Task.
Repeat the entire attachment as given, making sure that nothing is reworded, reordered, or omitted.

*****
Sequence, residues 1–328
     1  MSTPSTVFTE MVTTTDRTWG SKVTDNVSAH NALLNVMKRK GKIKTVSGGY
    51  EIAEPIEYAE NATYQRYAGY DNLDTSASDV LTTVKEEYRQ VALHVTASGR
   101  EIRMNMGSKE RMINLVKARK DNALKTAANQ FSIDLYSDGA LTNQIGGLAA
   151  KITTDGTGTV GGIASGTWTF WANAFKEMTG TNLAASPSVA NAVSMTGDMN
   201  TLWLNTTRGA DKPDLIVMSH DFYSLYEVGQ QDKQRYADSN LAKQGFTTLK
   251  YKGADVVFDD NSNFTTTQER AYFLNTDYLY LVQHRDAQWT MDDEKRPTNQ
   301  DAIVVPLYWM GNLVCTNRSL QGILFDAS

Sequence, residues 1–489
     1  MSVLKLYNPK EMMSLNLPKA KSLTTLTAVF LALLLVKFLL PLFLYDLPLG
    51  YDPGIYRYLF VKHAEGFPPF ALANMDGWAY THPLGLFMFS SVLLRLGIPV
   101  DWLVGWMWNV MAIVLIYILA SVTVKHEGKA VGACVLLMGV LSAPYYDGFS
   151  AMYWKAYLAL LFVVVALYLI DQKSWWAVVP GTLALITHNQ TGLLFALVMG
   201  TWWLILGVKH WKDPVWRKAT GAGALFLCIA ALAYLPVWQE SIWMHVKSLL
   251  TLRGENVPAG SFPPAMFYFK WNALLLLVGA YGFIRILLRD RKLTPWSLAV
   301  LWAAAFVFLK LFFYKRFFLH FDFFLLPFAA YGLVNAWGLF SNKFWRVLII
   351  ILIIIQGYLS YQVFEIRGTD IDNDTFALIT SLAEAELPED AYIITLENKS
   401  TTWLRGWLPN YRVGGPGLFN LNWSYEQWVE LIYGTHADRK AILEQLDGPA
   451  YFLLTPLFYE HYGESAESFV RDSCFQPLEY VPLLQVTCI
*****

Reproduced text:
Sequence, residues 1–328
     1  MSTPSTVFTE MVTTTDRTWG SKVTDNVSAH NALLNVMKRK GKIKTVSGGY
    51  EIAEPIEYAE NATYQRYAGY DNLDTSASDV LTTVKEEYRQ VALHVTASGR
   101  EIRMNMGSKE RMINLVKARK DNALKTAANQ FSIDLYSDGA LTNQIGGLAA
   151  KITTDGTGTV GGIASGTWTF WANAFKEMTG TNLAASPSVA NAVSMTGDMN
   201  TLWLNTTRGA DKPDLIVMSH DFYSLYEVGQ QDKQRYADSN LAKQGFTTLK
   251  YKGADVVFDD NSNFTTTQER AYFLNTDYLY LVQHRDAQWT MDDEKRPTNQ
   301  DAIVVPLYWM GNLVCTNRSL QGILFDAS

Sequence, residues 1–489
     1  MSVLKLYNPK EMMSLNLPKA KSLTTLTAVF LALLLVKFLL PLFLYDLPLG
    51  YDPGIYRYLF VKHAEGFPPF ALANMDGWAY THPLGLFMFS SVLLRLGIPV
   101  DWLVGWMWNV MAIVLIYILA SVTVKHEGKA VGACVLLMGV LSAPYYDGFS
   151  AMYWKAYLAL LFVVVALYLI DQKSWWAVVP GTLALITHNQ TGLLFALVMG
   201  TWWLILGVKH WKDPVWRKAT GAGALFLCIA ALAYLPVWQE SIWMHVKSLL
   251  TLRGENVPAG SFPPAMFYFK WNALLLLVGA YGFIRILLRD RKLTPWSLAV
   301  LWAAAFVFLK LFFYKRFFLH FDFFLLPFAA YGLVNAWGLF SNKFWRVLII
   351  ILIIIQGYLS YQVFEIRGTD IDNDTFALIT SLAEAELPED AYIITLENKS
   401  TTWLRGWLPN YRVGGPGLFN LNWSYEQWVE LIYGTHADRK AILEQLDGPA
   451  YFLLTPLFYE HYGESAESFV RDSCFQPLEY VPLLQVTCI